Saturday 26 October 2013
A one-day conference organised by the Department of History of Art in collaboration with the Fondazione Giorgio Cini, The Humanities Research Centre and the Early Modern Forum, University of Warwick
You can now watch online the metapictorial conference at the following link:
At the core of Lorenzo's research has always been the image. More interested in how to succeed in explaining the historically complex meanings of the artwork than in pursuing academic labels, Lorenzo strongly believes that it is the artwork that dictates the methodology to follow and not the methodology that indicates how to see and interpret the artwork. Driven by the continuous challenge represented by hermeneutical experimentation, Lorenzo has been applying the most different approaches to his subjects of research (from structuralism to social history, from iconography to connoisseurship), not hesitating to innovate when appropriate, and constantly focusing on the images' inter-textuality. Indeed, he is convinced that only the combination and adaptation of the many methods developed in modern and contemporary art history can lead to a fairly impartial and dispassionate reading of the historical image. Trained in Greek and Latin philology, in ancient philosophy and in early modern paleography, Lorenzo has always been particularly keen on the reconstruction, interpretation and dissemination of art historical sources, especially Italian and French treatises of the Renaissance and the seventeenth century. First specialized in the art and architecture of the French classicism, Lorenzo has been increasingly working not only on Italian painting of the Renaissance and Baroque, but also on Flemish, Dutch and Spanish early modern art. He has extensively published on a wide range of topics and artists, from Antonello da Messina to Titian, from Rubens to Rembrandt and Velázquez, from Cima da Conegliano to Poussin. Moreover, he can be considered an international specialist on Caravaggio. His main research interests can be summarised as follows:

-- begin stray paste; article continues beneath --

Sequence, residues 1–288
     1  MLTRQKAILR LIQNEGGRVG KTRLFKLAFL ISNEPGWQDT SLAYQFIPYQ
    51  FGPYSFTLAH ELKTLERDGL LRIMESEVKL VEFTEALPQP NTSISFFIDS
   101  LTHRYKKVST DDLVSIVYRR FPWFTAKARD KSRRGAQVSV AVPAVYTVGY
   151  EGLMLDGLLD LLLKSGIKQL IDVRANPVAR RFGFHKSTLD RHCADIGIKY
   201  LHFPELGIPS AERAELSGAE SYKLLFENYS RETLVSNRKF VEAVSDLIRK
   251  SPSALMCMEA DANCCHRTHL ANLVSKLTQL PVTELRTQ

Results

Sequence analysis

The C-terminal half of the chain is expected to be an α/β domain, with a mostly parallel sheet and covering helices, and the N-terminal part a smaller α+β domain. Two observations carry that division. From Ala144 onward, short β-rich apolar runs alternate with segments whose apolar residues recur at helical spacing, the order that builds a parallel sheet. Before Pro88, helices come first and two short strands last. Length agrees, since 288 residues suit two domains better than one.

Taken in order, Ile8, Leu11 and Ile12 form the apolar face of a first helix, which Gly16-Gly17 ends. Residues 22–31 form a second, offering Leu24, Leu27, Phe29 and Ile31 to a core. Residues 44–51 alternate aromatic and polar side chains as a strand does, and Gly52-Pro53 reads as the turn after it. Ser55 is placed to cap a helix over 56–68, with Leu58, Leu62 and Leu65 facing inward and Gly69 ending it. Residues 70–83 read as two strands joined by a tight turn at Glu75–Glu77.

1) early modern religious art, its functions and interconnections with secular images;
2) Renaissance and Baroque pictorial narrative, and more specifically the concept of the istoria;
3) Renaissance and Baroque art theory, especially in relation to the invention, execution and reception of the artwork;
4) influences and cross-fertilizations between the arts produced in the different artistic centres of early modern Europe.
Lorenzo welcomes applications from students interested in the above topics and invites them to contact him at any time.